Lam Ching-Ying was a Peking Opera school graduate who found work as a stuntman in the Hong Kong film industry during the 1960’s. He served as Bruce Lee’s assistant from The Big Boss until the superstar’s death, and then became a key player in Sammo Hung’s repertory of stunt artists and supporting actors. After receiving acclaim for his performance in The Prodigal Son, Lam was tapped for the lead in Hung’s Mr. Vampire, a film that would not only change Lam’s life but Asian cinema as well.
In Mr. Vampire, Lam plays a Taoist priest who must deal with lovelorn ghosts, the stiff-limbed undead known as jiangshi, and two completely imbecilic apprentices. With its mix of horror, comedy, and incredible stuntwork, Mr. Vampire became a smash hit across Southeast Asia and spawned several sequels, innumerable imitators, and a mass of merchandising. (The Phantom Fighter game for the NES was inspired by the film.) Lam would essentially play this role for the rest of his life in several television series and films good (Mr. Vampire III), bad (The Musical Vampire) and bonkers (Crazy Safari).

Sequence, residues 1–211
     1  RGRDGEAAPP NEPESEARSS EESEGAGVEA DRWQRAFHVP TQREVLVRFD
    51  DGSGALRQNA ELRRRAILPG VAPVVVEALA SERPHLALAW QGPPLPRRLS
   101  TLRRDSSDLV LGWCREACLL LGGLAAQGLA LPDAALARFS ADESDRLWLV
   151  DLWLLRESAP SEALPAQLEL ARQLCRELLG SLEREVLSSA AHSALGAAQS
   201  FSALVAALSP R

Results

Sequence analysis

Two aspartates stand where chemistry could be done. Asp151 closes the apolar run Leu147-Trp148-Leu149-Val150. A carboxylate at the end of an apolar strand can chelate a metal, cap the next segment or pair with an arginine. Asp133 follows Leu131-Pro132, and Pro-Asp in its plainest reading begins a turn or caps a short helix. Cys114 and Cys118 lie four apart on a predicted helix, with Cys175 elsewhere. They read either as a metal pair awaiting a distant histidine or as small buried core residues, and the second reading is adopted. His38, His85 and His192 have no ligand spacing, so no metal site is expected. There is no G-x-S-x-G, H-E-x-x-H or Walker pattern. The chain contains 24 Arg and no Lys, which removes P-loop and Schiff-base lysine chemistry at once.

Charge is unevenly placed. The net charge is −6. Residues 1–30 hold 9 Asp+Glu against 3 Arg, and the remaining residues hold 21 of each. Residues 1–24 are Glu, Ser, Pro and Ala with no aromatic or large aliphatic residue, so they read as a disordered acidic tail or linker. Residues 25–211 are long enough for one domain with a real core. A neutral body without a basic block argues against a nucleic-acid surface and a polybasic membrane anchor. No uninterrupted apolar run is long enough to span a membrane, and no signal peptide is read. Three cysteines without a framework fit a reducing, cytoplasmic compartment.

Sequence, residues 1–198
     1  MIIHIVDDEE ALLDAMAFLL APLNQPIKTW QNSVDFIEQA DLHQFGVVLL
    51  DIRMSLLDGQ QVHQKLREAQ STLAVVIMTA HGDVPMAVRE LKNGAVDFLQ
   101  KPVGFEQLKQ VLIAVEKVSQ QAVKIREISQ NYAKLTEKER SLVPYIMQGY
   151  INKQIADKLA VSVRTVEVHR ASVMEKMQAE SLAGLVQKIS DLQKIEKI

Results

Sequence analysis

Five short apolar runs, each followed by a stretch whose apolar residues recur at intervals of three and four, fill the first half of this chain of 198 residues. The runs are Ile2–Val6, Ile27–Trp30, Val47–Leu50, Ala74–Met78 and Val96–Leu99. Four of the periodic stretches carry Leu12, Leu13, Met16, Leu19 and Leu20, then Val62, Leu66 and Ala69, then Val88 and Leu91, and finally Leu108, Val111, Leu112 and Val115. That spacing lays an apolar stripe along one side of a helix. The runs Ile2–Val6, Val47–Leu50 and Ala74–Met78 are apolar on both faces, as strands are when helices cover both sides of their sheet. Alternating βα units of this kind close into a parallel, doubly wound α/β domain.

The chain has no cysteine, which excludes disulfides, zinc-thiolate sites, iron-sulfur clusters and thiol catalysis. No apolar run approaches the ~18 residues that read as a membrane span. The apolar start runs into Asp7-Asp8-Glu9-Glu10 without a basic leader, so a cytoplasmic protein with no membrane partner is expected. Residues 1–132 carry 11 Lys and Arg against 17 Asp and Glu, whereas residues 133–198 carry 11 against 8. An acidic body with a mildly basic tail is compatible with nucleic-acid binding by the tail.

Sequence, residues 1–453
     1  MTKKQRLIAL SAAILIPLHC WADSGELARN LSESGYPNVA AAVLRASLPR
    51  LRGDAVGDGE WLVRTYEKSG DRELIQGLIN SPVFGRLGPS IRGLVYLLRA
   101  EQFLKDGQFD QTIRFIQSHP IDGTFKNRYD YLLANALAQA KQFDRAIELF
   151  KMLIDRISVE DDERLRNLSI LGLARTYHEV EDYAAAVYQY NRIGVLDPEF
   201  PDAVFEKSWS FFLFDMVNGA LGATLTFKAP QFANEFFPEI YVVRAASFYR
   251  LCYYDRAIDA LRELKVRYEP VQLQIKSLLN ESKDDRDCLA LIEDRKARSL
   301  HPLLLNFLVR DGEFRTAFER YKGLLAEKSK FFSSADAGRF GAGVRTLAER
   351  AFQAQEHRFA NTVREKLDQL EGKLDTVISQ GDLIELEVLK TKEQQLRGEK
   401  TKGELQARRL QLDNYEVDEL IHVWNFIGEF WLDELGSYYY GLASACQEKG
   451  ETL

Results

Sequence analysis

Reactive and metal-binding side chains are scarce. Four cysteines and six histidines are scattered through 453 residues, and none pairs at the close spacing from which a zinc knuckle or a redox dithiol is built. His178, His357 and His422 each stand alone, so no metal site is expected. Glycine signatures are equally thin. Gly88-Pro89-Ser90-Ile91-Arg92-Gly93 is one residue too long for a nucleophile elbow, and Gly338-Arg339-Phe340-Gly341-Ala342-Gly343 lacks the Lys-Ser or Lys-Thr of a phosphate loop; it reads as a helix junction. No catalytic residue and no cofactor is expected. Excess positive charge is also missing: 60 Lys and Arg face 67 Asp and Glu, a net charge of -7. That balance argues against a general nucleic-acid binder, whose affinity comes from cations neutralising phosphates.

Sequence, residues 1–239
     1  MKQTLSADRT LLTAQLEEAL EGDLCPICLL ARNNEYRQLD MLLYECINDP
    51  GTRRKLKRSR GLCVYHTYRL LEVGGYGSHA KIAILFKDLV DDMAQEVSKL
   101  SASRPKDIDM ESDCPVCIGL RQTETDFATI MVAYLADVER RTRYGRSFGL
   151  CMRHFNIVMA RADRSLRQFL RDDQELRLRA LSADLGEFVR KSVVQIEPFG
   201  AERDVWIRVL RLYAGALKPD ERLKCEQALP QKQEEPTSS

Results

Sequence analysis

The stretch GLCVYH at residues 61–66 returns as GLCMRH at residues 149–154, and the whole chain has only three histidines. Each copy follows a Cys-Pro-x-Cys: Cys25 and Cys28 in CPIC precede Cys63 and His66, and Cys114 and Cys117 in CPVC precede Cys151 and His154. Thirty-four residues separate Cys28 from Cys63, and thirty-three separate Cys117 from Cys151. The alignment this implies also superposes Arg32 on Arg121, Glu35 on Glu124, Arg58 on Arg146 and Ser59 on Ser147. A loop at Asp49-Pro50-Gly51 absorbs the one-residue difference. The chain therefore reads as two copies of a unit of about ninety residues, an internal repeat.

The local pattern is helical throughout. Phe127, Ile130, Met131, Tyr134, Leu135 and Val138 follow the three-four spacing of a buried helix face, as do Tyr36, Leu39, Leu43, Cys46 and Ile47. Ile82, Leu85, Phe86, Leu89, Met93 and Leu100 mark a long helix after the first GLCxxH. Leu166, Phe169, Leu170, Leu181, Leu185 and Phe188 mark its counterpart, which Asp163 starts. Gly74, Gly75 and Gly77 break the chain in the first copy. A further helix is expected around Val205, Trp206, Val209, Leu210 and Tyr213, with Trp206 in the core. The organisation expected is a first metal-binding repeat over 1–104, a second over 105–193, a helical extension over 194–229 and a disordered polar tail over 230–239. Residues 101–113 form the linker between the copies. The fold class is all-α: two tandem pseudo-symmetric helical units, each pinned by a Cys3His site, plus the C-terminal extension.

One of the pleasures of watching Lam’s “One-Eyebrow Priest” is the causal aplomp with which he deploys countermeasures against the most bizarre forms of magic and monsters. He busts out the sticky rice and black dog’s blood as nonchalantly as Van Helsing dishes out the wooden stakes and holy water. I don’t know how much of the folklore presented in these films is authentic but Lam certainly sells them.
After defeating hordes of spirits, vampires, and witches, Lam Ching Ying finally succumbed to the one menace that could not be defeated through traditional means. He passed away from liver cancer in 1997 at the terribly young age of 49.
Interest in jiangshi films was revived by the success of Juno Mak’s melancholic Rigor Mortis starring Chin Siu-Ho, who played the first of Lam’s long line of ineffectual assistants. In what can be seen as the apprentice becoming the master, Chin would go on to play a Taoist monster hunter himself in a recent series of films (despite Chinese censorship laws requiring a Scooby-Doo reveal for all supposedly supernatural critters).
Have a wonderful evening!